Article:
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The gut microbiota of brood parasite and host nestlings reared within the same environment: Disentangling genetic and environmental effects.

Abstract : Gut microbiota are essential for host health and survival, but we are still far from understanding the processes involved in shaping their composition and evolution. Controlled experimental work under lab conditions as well as human studies pointed at environmental factors (i.e., diet) as the main determinant of the microbiota with little evidence of genetic effects, while comparative interspecific studies detected significant phylogenetic effects. Different species, however, also differ in diet, feeding behavior, and environmental characteristics of habitats, all of which also vary interspecifically, and, therefore, can potentially explain most of the detected phylogenetic patterns. Here, we take advantage of the reproductive strategy of avian brood parasites and investigate gut microbiotas (esophageal (food and saliva) and intestinal) of great spotted cuckoo (Clamator glandarius) and magpie (Pica pica) nestlings that grow in the same nests. We also estimated diet received by each nestling and explored its association with gut microbiota characteristics. Although esophageal microbiota of magpies and great spotted cuckoos raised within the same environment (nest) did not vary, the microbiota of cloacal samples showed clear interspecific differences. Moreover, diet of great spotted cuckoo and magpie nestlings explained the microbiota composition of esophageal samples, but not of cloaca samples. These results strongly suggest a genetic component determining the intestinal microbiota of host and parasitic bird species, indicating that interspecific differences in gut morphology and physiology are responsible for such interspecific differences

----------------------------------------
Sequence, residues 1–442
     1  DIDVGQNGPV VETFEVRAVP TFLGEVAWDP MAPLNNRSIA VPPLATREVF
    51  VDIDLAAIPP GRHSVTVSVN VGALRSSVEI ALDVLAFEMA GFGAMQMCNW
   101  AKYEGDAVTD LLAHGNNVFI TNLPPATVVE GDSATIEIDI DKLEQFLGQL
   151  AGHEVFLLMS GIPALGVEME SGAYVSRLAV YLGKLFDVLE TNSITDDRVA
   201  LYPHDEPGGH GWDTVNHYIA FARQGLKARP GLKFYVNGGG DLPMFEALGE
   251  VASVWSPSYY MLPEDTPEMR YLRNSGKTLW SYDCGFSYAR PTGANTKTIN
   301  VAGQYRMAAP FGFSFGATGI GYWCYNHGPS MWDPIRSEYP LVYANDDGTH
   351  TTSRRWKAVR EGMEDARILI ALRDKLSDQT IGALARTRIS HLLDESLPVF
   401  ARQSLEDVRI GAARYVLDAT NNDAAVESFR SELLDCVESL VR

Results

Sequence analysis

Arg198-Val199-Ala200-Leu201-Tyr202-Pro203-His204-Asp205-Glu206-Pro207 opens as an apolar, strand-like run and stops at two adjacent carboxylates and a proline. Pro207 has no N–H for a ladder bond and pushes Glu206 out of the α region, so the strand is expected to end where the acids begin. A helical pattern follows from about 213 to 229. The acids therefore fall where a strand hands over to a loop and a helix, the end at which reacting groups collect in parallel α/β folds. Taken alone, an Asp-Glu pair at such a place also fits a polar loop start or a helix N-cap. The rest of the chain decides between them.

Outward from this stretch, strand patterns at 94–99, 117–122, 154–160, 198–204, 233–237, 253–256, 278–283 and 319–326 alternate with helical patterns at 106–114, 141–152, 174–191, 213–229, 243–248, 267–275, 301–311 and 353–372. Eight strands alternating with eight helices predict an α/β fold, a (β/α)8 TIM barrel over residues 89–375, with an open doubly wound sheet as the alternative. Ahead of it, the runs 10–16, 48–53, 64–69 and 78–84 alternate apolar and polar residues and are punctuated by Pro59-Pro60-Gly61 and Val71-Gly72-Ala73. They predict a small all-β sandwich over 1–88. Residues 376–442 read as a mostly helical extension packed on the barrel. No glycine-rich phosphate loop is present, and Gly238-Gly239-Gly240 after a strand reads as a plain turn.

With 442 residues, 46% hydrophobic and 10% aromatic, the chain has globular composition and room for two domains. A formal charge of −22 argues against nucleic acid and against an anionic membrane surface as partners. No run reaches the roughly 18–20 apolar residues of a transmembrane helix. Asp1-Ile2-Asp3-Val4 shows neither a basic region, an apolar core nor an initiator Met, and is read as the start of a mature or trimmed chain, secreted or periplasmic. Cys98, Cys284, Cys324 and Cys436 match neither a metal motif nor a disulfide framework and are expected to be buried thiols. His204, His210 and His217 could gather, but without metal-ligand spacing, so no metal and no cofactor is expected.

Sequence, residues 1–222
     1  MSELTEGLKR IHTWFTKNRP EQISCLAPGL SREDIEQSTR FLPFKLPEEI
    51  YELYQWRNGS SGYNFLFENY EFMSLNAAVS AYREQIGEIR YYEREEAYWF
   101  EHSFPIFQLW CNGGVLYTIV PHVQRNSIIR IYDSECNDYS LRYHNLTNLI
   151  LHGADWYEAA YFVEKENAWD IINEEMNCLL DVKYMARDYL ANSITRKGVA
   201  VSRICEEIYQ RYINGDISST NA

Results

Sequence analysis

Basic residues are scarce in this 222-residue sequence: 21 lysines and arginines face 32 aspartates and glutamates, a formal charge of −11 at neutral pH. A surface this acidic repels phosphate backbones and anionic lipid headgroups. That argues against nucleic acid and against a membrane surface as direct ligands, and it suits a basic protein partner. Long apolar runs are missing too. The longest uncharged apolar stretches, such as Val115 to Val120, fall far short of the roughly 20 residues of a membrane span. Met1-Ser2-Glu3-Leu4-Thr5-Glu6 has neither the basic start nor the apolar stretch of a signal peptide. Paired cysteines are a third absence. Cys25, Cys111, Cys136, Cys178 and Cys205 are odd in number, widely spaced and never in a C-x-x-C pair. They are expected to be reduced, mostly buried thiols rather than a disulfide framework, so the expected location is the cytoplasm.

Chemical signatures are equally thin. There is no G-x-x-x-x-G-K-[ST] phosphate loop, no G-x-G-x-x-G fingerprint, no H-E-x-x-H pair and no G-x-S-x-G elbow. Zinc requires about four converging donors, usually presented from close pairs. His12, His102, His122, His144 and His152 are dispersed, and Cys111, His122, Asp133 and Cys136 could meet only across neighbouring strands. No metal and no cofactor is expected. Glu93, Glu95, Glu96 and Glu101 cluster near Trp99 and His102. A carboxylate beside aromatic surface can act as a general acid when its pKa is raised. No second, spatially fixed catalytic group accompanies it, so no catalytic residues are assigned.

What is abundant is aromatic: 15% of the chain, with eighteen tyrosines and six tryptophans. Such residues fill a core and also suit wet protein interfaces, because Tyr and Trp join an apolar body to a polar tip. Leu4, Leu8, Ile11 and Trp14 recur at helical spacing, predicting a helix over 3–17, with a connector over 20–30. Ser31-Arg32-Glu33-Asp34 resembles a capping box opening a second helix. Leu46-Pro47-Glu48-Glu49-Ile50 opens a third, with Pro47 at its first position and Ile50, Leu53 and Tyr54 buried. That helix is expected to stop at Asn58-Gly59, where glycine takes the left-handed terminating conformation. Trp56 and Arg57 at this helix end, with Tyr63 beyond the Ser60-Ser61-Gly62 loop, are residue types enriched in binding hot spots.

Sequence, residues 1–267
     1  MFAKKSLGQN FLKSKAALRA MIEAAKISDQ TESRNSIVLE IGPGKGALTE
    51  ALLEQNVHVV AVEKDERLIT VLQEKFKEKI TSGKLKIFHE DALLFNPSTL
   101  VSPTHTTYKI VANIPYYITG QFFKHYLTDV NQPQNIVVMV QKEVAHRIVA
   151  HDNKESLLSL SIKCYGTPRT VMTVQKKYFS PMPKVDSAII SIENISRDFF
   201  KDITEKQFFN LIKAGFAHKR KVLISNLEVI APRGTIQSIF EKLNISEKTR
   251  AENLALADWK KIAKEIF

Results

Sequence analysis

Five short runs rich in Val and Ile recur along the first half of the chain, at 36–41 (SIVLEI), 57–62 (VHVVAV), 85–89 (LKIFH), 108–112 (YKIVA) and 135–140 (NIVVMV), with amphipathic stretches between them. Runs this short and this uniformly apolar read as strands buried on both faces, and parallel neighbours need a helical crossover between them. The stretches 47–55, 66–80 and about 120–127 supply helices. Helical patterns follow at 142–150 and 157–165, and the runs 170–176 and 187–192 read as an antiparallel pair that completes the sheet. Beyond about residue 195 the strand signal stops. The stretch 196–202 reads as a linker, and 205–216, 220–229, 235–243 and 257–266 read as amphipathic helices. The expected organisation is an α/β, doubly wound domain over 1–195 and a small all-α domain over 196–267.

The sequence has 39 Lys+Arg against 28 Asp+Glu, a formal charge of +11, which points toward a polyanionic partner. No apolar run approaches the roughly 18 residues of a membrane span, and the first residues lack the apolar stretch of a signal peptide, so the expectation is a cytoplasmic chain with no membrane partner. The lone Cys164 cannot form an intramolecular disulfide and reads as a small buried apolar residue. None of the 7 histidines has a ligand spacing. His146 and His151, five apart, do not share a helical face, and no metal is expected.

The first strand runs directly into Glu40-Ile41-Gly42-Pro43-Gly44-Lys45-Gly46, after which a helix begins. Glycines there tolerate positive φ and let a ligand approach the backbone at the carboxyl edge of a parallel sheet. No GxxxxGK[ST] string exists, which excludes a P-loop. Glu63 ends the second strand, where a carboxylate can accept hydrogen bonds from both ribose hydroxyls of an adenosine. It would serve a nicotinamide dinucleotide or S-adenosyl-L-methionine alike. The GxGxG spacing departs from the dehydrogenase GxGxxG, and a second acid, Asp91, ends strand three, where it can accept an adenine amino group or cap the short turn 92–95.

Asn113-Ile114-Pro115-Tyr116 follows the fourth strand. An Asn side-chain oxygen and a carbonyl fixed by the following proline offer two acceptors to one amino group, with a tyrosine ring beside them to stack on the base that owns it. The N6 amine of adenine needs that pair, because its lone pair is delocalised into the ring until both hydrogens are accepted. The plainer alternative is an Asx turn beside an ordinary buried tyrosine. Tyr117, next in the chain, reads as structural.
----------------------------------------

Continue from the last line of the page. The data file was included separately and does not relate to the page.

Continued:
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Contributor : Anders Moller Connect in order to contact the contributor
Submitted on : Thursday, November 26, 2020 - 9:35:08 AM
Last modification on : Tuesday, January 4, 2022 - 6:44:35 AM
Long-term archiving on: : Saturday, February 27, 2021 - 6:23:28 PM


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Chop Yan Lee, Juan Peralta-Sánchez, Manuel Martínez- Bueno, Anders Pape Møller, Miguel Rabelo-Ruiz, et al.. The gut microbiota of brood parasite and host nestlings reared within the same environment: Disentangling genetic and environmental effects.. ISME Journal, Nature Publishing Group, 2020, 14 (11), pp.2691-2702. ⟨10.1038/s41396-020-0719-y⟩. ⟨hal-03024917⟩



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